Photorounds Resource Page
Photorounds is an opportunity for students to take pictures of interesting cases and share those with their peers. It is also an opportunity for students to earn 1 point extra credit to be added to their final grade point accumulation.
During the clerkship each student has the opportunity to use a clerkship-issued digital camera to document interesting cases seen in clinic. Those photos are then shared during Photo Rounds, which will be held at two didactic sessions during the rotation. Students who choose to participate in the photo rounds program can earn the 1 point extra credit which will be added onto their final grade point accumulation. All students are required to attend Photo Rounds as a part of the clerkship didactic sessions even if a student does not upload photos.
In order to earn the extra credit students must submit a photo and present it to their classmates. Please submit no more than two photos per case. Submissions will be tracked and monitored. Photos are to be uploaded to the online album at http://public.fotki.com/Photorounds/.
Digital photography is a wonderfully creative method for teaching and learning medicine. Even before digital photography was available, the 35mm camera was a great tool for capturing images to teach medicine. However, the cost and inconvenience of developing slide film meant only the most avid photographer and teacher would engage in this method.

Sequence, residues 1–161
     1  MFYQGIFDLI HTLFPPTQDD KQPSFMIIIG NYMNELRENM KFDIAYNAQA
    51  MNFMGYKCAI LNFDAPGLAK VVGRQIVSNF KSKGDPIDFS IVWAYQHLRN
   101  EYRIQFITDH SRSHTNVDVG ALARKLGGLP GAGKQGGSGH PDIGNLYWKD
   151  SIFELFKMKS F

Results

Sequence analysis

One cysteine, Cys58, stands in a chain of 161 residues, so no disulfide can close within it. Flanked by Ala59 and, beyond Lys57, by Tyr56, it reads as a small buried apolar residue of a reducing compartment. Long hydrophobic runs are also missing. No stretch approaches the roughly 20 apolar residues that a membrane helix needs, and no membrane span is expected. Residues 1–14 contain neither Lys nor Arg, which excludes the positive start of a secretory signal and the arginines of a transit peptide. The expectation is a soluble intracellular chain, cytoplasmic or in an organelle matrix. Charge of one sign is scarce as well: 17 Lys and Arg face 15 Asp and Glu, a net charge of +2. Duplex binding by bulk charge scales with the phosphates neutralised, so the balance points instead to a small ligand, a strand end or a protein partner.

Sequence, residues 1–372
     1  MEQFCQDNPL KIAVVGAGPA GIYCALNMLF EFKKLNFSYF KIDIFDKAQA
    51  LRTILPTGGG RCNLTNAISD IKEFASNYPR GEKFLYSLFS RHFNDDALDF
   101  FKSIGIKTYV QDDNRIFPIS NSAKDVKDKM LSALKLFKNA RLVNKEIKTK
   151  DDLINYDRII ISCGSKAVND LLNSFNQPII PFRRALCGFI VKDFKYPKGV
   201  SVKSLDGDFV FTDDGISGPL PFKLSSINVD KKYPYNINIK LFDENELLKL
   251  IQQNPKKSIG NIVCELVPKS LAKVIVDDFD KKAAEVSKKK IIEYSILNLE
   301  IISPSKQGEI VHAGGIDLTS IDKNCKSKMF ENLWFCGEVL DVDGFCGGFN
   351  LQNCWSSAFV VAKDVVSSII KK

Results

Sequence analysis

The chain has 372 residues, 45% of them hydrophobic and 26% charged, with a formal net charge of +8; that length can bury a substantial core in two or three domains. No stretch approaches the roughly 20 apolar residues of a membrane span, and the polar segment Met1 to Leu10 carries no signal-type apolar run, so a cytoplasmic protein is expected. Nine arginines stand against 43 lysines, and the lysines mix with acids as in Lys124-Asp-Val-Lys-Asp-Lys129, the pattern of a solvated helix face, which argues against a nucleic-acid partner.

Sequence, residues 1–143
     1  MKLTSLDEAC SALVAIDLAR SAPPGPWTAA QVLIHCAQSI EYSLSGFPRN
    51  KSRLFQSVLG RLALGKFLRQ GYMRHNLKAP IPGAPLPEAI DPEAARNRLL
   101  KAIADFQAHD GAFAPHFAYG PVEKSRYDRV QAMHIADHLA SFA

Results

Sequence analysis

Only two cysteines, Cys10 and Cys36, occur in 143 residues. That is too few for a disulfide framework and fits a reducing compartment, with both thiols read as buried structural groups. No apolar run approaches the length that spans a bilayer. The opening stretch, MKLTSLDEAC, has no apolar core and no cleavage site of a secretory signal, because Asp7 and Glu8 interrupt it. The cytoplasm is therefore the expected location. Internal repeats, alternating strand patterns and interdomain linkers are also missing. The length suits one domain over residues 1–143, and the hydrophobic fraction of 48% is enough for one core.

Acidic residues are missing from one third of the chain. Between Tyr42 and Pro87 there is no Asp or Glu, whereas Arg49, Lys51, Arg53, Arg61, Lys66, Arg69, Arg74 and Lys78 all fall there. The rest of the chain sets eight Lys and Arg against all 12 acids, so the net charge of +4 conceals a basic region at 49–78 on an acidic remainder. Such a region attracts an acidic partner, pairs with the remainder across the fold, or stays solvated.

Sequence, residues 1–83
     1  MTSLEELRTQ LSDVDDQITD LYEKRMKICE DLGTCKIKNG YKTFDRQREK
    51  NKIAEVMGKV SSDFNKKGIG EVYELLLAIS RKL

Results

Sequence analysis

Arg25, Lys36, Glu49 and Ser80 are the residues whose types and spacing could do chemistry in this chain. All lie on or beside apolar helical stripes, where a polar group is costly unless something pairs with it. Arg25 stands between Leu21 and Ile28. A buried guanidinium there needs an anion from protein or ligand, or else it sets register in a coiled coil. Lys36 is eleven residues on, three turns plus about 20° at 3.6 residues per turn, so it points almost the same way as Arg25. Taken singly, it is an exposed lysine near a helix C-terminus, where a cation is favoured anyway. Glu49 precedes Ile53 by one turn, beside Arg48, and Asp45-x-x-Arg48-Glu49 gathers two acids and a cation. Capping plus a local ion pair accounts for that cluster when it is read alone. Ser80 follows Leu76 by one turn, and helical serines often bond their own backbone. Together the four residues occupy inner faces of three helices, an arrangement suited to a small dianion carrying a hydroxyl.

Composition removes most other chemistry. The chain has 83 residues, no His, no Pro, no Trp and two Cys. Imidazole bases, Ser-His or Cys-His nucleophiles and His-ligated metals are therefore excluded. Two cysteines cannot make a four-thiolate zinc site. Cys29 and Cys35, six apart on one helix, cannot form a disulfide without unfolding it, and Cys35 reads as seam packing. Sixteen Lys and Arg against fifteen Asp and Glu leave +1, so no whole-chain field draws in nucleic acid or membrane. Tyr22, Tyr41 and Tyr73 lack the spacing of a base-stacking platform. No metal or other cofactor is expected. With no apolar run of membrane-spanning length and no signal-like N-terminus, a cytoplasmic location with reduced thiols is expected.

The advent of digital photography makes the recording of photographic images less expensive, easier to do, and easier to maintain. Also digital photography gives you immediate feedback and a sense of immediate gratification. No longer do you have to wait for a role of film to be completed and processed before finding out the results of your photography. Not only does this give you immediate gratification to see your image displayed instantaneously in the camera, but alerts you to poor quality photographs that can be repeated while the patient is still in the office. This speeds up the learning curve of the beginning photographer in a way that could not happen with film photography.
Most good quality digital cameras already create images with resolutions (dots per inch) and numbers of pixels (points of light and color) adequate to fill a standard computer monitor or a full slide in a PowerPoint presentation. Digital cameras will continue to come down in cost and improve in quality.
Digital photography can be used to improve the development of visual pattern recognition. An astute clinician is a careful observer of visual details. Many of the signs of disease are collected using our visual senses. We collect data through sight, sound, touch and smell. While doctors of days gone by may have used taste to collect data, such as tasting the sweet urine of a diabetic patient, this sense is rarely used in modern medicine. We listen to heart sounds, lung sounds, bruits and percussion notes to collect information for diagnosis. We touch our patients to feel lumps, bumps and masses. We occasionally use smell for diagnosis when we have no choice. Unfortunately the smells of disease are rarely pleasant. Of course we also use the patient's history, laboratory data and more advanced imaging techniques to diagnose and manage patients illnesses.